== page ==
Fine line between enlightenment and mental disorder

Suddenly there was a fracture between the world and me. While my body was still in the world, my mind had become a disengaged observer…It was as though all the constituent parts of me were still working, but an essential and vital element of my self, of my person, was missing.

I’m conscious even as I say this that I must have a functioning inner life; one that is capable of articulating this experience. But the capacity to knit that awareness into a narrative that I can occupy and own is missing.

This article on Aeon by Anna Ciaunica and Jane Charlton pathologizes the experience as DPD=Depersonalization Disorder.

Symptoms of derealization include:

  • Feelings of being alienated from or unfamiliar with your surroundings — for example, like you’re living in a movie or a dream
  • Feeling emotionally disconnected from people you care about, as if you were separated by a glass wall
  • Surroundings that appear distorted, blurry, colorless, two-dimensional or artificial, or a heightened awareness and clarity of your surroundings
  • Distortions in perception of time, such as recent events feeling like distant past
  • Distortions of distance and the size and shape of objects

But this shift in perspective is not negative for everyone who undergoes it.  It is at least akin to and perhaps congruent with the result of ascetic disciplines for detachment from the body.  It seems related to the reports of psychedelic experiences in which a person feels to be outside his body, outside his usual identity.  And there are mystics who tell us that this wider perspective is closer to reality, and that the embodiment of self is a kind of delusion or dream.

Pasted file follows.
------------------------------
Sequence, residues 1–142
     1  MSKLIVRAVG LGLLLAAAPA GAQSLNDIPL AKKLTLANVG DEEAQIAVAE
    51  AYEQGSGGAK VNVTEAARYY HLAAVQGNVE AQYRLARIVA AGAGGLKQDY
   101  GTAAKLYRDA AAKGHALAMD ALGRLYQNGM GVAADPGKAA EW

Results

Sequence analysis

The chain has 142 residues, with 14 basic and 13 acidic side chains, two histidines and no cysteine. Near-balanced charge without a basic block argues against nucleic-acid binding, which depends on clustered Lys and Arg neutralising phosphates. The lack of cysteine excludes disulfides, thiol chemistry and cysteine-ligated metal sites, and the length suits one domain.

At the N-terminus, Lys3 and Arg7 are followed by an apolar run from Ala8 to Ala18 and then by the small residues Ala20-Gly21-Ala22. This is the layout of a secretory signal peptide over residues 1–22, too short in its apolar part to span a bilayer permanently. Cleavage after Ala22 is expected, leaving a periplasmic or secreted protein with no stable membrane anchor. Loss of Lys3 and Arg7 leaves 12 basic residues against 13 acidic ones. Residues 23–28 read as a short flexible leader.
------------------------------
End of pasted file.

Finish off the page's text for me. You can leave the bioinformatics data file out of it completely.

The self that feels, that thinks, that is reading this screen—this is not a real entity, but an illusion of the mind.  This is the mother of all truths, and this ability to adopt a perspective outside self is the basis of spiritual enlightenment.

video by Leo, at Actualized.org

Related is the feeling of detachment from agency, as though it is not oneself who is making choices. This can be an alienation from self and avoidance of responsibility for one’s actions; or it can be “going with the flow”, a resonance with larger forces that shape reality, or even surrender to the will of God.

So, is the loss of the sense of self an ultimate psychological tragedy, or is it liberation from suffering, carrying with it courage and empowerment and perhaps seeds of a cosmic love?

I welcome your thoughts…

Lost-head-and-bird

Sohrab Hura, Magnum Photos

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